Kennedy on Clinton

January 29th, 2008 by ChrisPa


Admittedly, I was a bit surprised by Ted Kennedy’s endorsement of Obama over Clinton. I immediately read it as politics — he thought he was joining up with the winning team. But who knows. One thing I will say is that I never would have suggested that it was due to Kennedy being anti-woman. I still don’t think it. But some do, apparently…

Here’s the statement from New York’s chapter of NOW. Pretty strong stuff:

Women have just experienced the ultimate betrayal. Senator Kennedy’s endorsement of Hillary Clinton’s opponent in the Democratic presidential primary campaign has really hit women hard. Women have forgiven Kennedy, stuck up for him, stood by him, hushed the fact that he was late in his support of Title IX, the ERA, the Family Leave and Medical Act to name a few. Women have buried their anger that his support for the compromises in No Child Left Behind and the Medicare bogus drug benefit brought us the passage of these flawed bills. We have thanked him for his ardent support of many civil rights bills, BUT women are always waiting in the wings.

And now the greatest betrayal! We are repaid with his abandonment! He’s picked the new guy over us. He’s joined the list of progressive white men who can’t or won’t handle the prospect of a woman president who is Hillary Clinton (they will of course say they support a woman president, just not “this” one). ‘They’ are Howard Dean and Jim Dean (Yup! That’s Howard’s brother) who run DFA (that’s the group and list from the Dean campaign that we women helped start and grow). They are Alternet, Progressive Democrats of America, democrats.com, Kucinich lovers and all the other groups that take women’s money, say they’ll do feminist and women’s rights issues one of these days, and conveniently forget to mention women and children when they talk about poverty or human needs or America’s future or whatever.

This latest move by Kennedy is so telling about the status of and respect for women’s rights, women’s voices, women’s equality, women’s authority and our ability – indeed, our obligation – to promote and earn and deserve and elect, unabashedly, a President that is the first woman after centuries of men who ‘know what’s best for us.’”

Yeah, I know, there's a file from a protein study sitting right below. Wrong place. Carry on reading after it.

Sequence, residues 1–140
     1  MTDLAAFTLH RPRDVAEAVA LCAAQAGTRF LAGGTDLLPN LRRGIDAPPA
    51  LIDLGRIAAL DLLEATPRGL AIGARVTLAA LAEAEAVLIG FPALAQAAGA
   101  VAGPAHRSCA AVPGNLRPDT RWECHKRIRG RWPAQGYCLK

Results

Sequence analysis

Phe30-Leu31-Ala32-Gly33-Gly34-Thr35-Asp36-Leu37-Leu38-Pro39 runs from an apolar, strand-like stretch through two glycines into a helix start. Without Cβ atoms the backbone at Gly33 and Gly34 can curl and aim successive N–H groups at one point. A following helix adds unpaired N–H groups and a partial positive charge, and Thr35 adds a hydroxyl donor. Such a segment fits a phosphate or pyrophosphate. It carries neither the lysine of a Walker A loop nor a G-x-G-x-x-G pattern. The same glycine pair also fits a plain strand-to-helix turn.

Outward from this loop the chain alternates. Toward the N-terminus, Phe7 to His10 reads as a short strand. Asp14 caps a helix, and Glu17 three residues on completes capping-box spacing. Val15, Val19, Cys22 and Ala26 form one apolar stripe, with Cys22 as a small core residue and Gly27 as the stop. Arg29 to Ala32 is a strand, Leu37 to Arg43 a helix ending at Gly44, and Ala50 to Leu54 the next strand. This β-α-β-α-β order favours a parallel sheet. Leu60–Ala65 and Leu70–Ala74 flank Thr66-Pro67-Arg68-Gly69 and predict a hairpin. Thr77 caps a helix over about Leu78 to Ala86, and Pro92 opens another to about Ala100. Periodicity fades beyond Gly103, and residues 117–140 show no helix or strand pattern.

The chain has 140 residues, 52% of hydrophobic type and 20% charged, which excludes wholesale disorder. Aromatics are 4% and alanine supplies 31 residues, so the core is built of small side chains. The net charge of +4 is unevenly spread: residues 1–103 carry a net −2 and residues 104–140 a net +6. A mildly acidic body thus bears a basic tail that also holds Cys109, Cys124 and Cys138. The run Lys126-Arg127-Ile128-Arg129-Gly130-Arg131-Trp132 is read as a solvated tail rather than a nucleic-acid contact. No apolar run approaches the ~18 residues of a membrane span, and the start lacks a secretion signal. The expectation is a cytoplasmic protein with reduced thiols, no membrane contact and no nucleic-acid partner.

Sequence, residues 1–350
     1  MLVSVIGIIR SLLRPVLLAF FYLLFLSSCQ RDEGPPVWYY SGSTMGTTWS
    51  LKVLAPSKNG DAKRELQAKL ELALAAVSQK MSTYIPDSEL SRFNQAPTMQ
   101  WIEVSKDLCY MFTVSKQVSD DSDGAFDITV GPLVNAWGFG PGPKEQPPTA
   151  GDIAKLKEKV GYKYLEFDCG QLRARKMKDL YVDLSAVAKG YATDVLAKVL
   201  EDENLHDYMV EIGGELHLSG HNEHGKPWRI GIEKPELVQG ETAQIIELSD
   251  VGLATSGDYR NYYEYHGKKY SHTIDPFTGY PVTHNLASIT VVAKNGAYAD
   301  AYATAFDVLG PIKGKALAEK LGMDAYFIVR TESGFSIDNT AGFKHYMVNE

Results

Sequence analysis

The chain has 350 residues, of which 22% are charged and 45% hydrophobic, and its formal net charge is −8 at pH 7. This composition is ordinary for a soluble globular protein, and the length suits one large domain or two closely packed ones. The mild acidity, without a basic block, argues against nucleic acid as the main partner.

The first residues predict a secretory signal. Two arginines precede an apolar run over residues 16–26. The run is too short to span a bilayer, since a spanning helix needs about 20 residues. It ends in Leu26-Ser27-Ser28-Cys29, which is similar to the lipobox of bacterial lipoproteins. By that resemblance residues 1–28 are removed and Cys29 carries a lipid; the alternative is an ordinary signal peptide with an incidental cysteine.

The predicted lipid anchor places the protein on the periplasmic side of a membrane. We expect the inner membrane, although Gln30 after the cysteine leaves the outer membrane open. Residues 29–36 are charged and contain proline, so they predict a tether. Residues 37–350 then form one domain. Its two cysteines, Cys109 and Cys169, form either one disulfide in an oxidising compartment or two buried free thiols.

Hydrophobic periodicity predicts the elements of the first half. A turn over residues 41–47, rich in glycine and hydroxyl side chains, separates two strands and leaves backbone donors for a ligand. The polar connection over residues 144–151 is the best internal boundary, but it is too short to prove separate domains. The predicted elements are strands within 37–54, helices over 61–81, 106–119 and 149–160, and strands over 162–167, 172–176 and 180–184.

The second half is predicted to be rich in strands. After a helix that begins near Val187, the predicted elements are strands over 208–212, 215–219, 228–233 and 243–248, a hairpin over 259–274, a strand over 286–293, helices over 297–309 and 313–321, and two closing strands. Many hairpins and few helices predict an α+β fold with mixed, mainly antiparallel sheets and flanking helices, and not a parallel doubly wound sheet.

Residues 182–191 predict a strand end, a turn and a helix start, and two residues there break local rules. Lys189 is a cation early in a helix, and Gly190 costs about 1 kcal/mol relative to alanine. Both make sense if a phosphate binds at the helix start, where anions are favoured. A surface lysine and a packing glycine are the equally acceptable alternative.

This seems pretty ridiculous to me. Now I’m not defending Ted Kennedy’s record on pro-women oriented legislation, and I’m not defending his legislative status as a feminist (hard to swallow, given some of Ted’s historical shenanigans). So I’ll give NY NOW their say on that. But they have absolutely no evidence at all that Kennedy has turned to Obama simply because he’s a man. Frankly, it’s seems patently ridiculous to make the charge with no evidence other than the fact that he’s chosen Obama (the guy) over Clinton (the woman).

In fact, the only way to really accept their argument is to make a ridiculous move: that any self-respecting supporter of womens’ rights or of feminism will support Clinton (because she’s a woman). Thus, any support for the non-women candidates is a straight admission that one has abandoned women’s causes.

To take identity politics to that level is beyond stupid, it’s downright hurtful to women’s causes. It simply empties them of significance. If that’s what “being a feminist” means, then I would stop being a feminist. Luckily, I’m not gullible enough to sheepishly accept NY NOW’s definition of feminism, as in my book they left intelligent feminism behind with this stupidity.

I’d love to ask NY NOW: if it were Karen Hughes vs Obama, who would they support? What if it was Bay Buchanan vs Obama? Somehow I doubt they’d support Hughes or Buchanan. Would that make them anti-feminist? I mean come on.

This is so stupid it’s hard to know how to respond effectively to it.